How to be a better beggar for your health care.

  1. Make a good sign.
    A good sign not only attracts attention, it can close the deal. Be creative! Clever signs have shown to deliver up to 50% more in donations.
  2. Find a busy street corner.
    Location, location, location. Every real estate agent knows this is as the golden rule for making a great investment. The same goes for your begging spot. Be where the action is. Begging in a more affluent neighborhood can increase your average donation size by up to 30%.
  3. Setup with a credit card reader.
    Not everyone carries cash! Be prepared to accept donations via debit card. Square and other hardware/software solutions have made this easy. Failing to offer easy payment for the people you beg from is probably the biggest mistake patients make when begging for their care.

Pathetic? Then you should be appalled that this is exactly how plenty of cancer patients are funding their care.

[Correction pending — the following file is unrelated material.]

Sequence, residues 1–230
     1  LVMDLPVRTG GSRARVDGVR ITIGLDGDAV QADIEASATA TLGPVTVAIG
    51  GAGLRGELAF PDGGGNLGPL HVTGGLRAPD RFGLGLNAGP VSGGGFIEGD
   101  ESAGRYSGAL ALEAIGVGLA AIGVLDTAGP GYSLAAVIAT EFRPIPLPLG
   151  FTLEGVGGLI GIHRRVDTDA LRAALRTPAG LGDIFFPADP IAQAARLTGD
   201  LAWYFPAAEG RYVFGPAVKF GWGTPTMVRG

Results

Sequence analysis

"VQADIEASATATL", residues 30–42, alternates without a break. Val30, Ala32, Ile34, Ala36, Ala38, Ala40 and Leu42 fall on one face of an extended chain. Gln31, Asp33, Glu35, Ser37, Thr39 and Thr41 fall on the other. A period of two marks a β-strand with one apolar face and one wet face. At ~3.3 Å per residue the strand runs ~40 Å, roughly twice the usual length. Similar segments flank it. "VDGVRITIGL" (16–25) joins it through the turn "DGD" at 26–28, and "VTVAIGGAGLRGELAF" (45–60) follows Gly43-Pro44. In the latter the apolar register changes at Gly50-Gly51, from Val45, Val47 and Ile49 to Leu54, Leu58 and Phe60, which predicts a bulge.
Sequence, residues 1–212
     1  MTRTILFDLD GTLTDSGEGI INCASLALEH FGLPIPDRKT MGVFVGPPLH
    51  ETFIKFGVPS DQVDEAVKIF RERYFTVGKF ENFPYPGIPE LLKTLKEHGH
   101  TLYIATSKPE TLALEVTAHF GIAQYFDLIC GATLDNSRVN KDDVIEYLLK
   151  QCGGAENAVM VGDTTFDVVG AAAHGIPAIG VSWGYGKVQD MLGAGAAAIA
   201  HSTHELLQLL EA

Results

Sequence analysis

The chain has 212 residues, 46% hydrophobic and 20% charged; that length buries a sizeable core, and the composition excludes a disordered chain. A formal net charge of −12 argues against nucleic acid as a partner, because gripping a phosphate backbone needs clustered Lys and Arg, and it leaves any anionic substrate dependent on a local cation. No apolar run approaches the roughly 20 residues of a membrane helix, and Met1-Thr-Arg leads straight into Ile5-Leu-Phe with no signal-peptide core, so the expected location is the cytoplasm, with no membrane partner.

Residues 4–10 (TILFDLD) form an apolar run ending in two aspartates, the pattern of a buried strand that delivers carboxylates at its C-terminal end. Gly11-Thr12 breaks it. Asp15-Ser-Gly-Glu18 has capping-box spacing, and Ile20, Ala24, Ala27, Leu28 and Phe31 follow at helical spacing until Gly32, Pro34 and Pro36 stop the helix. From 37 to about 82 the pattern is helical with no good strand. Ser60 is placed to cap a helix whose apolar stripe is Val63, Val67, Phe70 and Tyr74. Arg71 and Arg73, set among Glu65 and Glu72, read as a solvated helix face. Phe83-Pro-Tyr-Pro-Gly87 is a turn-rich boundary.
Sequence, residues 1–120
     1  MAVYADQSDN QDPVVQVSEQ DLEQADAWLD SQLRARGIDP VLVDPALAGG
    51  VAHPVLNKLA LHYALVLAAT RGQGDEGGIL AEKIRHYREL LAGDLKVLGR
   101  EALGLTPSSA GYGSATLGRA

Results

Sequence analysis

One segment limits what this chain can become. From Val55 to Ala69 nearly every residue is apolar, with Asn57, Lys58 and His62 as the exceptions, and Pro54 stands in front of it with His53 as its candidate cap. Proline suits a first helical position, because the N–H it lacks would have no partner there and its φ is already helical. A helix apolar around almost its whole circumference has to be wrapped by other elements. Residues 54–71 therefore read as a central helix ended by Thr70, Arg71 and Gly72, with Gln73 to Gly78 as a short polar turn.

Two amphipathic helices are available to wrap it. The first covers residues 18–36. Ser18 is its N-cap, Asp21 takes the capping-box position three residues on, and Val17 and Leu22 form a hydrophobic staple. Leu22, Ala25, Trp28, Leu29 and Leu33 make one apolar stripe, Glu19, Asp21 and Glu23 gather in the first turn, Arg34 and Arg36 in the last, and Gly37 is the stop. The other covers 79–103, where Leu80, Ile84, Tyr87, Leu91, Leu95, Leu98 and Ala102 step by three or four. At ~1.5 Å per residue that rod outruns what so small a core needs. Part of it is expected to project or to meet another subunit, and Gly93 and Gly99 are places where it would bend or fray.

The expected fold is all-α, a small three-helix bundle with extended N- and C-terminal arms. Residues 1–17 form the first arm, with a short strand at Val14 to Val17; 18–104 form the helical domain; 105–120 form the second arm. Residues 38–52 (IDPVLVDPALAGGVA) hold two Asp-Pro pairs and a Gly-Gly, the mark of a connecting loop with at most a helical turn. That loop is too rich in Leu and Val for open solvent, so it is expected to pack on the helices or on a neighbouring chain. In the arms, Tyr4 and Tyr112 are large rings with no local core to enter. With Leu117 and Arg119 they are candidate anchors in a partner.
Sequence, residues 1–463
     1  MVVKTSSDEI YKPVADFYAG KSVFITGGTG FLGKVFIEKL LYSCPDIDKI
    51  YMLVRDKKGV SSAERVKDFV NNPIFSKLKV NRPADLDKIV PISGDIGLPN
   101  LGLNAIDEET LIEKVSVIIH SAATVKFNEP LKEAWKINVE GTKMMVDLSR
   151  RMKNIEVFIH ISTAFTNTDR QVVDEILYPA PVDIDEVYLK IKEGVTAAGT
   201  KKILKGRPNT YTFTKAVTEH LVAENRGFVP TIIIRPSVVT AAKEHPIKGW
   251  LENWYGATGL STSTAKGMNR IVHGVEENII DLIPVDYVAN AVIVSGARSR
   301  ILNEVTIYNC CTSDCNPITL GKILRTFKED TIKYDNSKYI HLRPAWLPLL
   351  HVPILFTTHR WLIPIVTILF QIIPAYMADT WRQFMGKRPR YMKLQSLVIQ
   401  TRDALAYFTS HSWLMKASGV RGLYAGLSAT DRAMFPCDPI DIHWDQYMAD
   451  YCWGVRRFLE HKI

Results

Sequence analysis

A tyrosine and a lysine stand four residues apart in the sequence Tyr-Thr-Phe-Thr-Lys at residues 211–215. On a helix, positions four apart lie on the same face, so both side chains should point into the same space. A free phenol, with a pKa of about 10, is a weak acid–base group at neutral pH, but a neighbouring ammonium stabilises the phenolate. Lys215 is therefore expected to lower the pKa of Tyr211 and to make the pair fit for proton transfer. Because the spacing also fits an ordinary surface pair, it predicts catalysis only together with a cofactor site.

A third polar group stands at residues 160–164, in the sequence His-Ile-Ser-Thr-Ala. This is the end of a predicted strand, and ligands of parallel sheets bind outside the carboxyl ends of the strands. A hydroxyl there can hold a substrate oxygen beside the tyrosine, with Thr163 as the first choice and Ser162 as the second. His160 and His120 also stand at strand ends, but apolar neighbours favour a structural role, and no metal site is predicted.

It’s true. The health care situation in our country is so bad that people just like me have resorted to begging on the streets to fund their care. Only the streets are now on the internet.

A recent article in Cure, “A Virtual Safety Net” details how to craft a better crowdsourcing campaign to fund your cancer health care, making this all too obvious that our health care industry accepts this as the new norm.

Changing the word “beg” to “ask” and putting a pretty “donate” button on it shouldn’t make this an acceptable event in our society. And we can’t blame the patients. I’ve received care at cancer centers all over our country, and met people just like your uncle, your mom, and your brother who can no longer afford the care they need. They’ve exhausted their savings. Cashed out their retirement. Reverse mortgaged their home. All in an effort to stay alive. Put in this situation, who wouldn’t crowdsource for help?

People shouldn’t have to declare bankruptcy because they received a cancer diagnosis.

But financial crisis is real even for those patients who are healthily employed and insured. Even the best-of-class health insurance won’t cover all copays, medical travel and other countless expenses that cancer patients face — usually in the tens of thousands of dollars, for every year they’re fighting.

Luckily, I’m one of the fortunate few who doesn’t have to beg for your money. So far. But I am begging for you to change the system. Demand better, and hold our elected officials accountable until we’re getting the very same health care that they do. If it helps, I’ll make a clever sign.